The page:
Thursday, November 5, 2009


Today’s goal was to find restaurants within the typical borders of UVA (i.e. the Corner and 14st street) that serve organic food. It was also to incorporate both dining hall food and on-grounds food products.

Today was met with a great deal of disappointment when it came to finding organic food- except for one major exception... My first goal of the day was to figure out what this “organic” meal was at Newcomb Dining Hall which a student could order. I approached the same supervisor as I had spoken with on Monday, and asked if it was possible to try the organic meal which she had previously told me about. I wasn’t sure what to expect- I imagined it either being some kind of delicacy or something more gross then the typical Newcomb options. The supervisor tells me to wait a minute while she gets a chef from the backroom. Well it wasn’t any chef that strolled out, but the executive chef of all of Newcomb who came to speak with me. I repeated the same question, “Is it possible to get an organic meal?” His response was simply, “Well, you should go to Runk- they have organic food there.” Huh, that’s strange; I was told organic food was an option at Newcomb. I asked him, “So you’re saying there are no organic options at Newcomb.” He responded, “No no we have no organic food here- Runk is the place to go. There are lots of options at Runk.”
Well I heard it from the executive chef- Newcomb was certainly out when it came to eating organic. That’s a blow whereas Newcomb is the most convenient for UVA students being on central grounds- and I learned there are no organic options available.

UVA Dining is certainly lacking with its organic products. Newcomb had zero organic products (at least that I know of). O’Hill has minimal products which constitute a small fraction of the overall food. Runk is doing better, but the only thing completely organic at Runk is their salad bar. In terms of the other food, it is ambigious to what was organic and to what was just healthy. Since nothing else had an organic advertisement, I think the majority of Runk’s organic products lie at its salad bar. So there you go – a modern campus with few modern options of eating sustainably. If you survive on a meal plan and want to eat organic, you may as well give up or just rely on Runk’s salads all day.

I did hear an interesting claim though. Supposedly the soup in the Alderman café is organic- that is another claim I will have to see tomorrow. Whereas Clark and Wilsdorf had virtually no organic items- I’d be surprised if Alderman has anything, but it’s worth a shot figuring out.

After Newcomb, I walked down to The Corner to see what organic options were available. I didn’t know where to start. I though College Inn was a good option- a relatively inexpensive restaurant where a good number of UVA students eat. But, no organic food. Then I tried Qdoba. Since Chipotle uses some organic products I assumed Qdoba may use some as well. They’re vegetables cost extra, so who knows, they could be local or organic. I walked up to glass screen, “Are there any organic products here at Qdoba?” The employee gives me a nod, “We don’t have any organic products here.” I’m fairly sure the guy I talked to is the manager (he wore a different shirt and I’ve seen him there before). Regardless I’ll talk his word for it, I guess Qdoba is out as well. After I found out Qdoba wasn’t an option, I skipped my next destination, Little Johns, because it seemed extremely unlikely that they had organic food. Still the question must be asked in time. But the next place I went to lifted my expectations- It’s called Revolutionary Soup (Avik mentioned it in the post below).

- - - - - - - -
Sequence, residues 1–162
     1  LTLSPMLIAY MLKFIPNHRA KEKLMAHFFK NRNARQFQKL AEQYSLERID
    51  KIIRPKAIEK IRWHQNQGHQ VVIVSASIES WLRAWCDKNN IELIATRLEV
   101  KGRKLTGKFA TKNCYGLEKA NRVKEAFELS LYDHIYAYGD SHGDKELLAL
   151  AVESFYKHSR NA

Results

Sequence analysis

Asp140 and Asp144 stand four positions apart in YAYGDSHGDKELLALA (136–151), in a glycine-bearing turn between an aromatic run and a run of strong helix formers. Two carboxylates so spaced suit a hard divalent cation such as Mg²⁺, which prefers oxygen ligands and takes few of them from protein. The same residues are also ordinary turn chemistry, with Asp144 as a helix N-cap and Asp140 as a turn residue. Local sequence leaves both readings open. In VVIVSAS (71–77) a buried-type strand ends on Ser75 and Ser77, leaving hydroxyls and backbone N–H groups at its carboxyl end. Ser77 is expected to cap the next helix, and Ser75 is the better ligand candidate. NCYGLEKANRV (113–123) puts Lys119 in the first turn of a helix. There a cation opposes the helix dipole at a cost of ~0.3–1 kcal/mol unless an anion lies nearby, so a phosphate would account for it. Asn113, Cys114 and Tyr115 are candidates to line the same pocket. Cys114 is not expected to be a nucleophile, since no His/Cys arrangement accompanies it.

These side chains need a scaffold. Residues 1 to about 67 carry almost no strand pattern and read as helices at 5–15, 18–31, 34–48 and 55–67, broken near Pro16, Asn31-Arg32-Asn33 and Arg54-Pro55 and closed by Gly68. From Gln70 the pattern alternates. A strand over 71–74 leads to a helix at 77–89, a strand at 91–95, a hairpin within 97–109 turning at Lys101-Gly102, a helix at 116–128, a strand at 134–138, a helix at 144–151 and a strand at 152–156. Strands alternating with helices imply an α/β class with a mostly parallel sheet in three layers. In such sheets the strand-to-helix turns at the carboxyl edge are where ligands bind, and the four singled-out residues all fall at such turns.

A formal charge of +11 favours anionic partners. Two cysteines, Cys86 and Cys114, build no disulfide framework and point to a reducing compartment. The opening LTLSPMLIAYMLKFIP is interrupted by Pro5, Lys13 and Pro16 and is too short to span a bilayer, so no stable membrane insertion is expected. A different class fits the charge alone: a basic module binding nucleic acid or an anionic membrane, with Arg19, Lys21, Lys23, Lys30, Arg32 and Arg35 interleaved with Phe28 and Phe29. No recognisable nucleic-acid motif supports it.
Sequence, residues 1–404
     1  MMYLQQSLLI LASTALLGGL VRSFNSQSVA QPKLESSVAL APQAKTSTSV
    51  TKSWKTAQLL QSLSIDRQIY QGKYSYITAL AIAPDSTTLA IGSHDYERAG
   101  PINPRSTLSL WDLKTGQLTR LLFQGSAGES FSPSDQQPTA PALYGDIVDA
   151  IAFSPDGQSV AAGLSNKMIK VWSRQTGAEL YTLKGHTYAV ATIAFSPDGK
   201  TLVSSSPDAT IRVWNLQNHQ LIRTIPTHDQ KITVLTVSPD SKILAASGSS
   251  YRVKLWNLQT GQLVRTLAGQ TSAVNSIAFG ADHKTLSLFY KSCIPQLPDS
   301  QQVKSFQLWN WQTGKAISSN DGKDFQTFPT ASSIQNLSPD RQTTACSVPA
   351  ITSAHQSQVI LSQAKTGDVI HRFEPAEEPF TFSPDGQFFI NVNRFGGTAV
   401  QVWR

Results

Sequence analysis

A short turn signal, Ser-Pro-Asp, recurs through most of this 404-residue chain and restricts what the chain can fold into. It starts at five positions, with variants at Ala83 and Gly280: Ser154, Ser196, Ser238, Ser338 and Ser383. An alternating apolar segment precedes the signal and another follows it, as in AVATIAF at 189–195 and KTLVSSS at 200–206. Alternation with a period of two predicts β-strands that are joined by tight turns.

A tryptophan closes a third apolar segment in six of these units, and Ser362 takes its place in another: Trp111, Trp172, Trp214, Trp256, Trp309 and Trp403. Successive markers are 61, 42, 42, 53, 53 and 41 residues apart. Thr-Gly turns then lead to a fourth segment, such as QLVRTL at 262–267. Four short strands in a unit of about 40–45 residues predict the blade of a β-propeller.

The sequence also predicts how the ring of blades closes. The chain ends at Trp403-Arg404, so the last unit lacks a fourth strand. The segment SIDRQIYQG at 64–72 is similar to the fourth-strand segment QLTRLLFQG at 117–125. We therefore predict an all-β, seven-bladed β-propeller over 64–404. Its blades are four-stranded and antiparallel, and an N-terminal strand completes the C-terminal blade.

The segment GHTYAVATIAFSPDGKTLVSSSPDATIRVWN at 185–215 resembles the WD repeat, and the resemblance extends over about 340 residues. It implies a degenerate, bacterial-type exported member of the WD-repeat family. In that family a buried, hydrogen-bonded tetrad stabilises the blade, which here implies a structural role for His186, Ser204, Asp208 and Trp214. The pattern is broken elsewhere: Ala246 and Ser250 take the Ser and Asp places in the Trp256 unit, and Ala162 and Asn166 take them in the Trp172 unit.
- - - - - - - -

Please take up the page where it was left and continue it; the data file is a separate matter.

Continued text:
Basically, it’s the most organic non-UVA affiliated restaurant one will find on the Corner/14st street. Their beef and chicken are grass fed from Polyface farms (Joel Salatin?) The lady at the register said the products which are organic change on a day-to-day basis, but she said at least 30% of the products there are organic. They serve primarily soups (the name of the restaurant) but there is wide variety of other options. I came there with my friend who couldn’t stop talking about how great the soups are there and how they are one of the best organic options around UVA. Certainly, their prices are not completely ideal, but on the other hand they aren’t ridiculous either. Feel free to check out the menu above- I definitely recommend the restaurant.

Well my conclusion is the same as that of yesterday, if you want to go organic at UVA- you can do it but it will be pretty difficult, especially if you rely on a dining plan. So far I have found two great options for eating organic on or near campus- The Fine Arts Café and Revolutionary Soup. And why not give Runk a chance if its convenient. Yes, convenience does play a large role into this picture. How far will one go out of their way to eat organic food? Now I know Newcomb has no organic products, but it is surely the most convenient. Which desire outweights the other? These are certainly personal decisions which must be answered. Along with that is the dent in one’s wallet- how much is he/she willing to spend? So far I have found prices a bit more expensive, but still reasonable. It all comes down to individual – what are his/her priorities with an organic diet and how much one is willing to spend.

Tomorrow I will cover Charlottesville altogether (focuses on walkable restaurants). I say a thirty minute radius of Lambeth Dorms is most reasonable. I personally would not walk more than thirty minutes to get better quality food, and I am sure this is a fairly consistent radius with UVA students (although some have a much smaller range). Tomorrow I will also work to answer past questions left unanswered.


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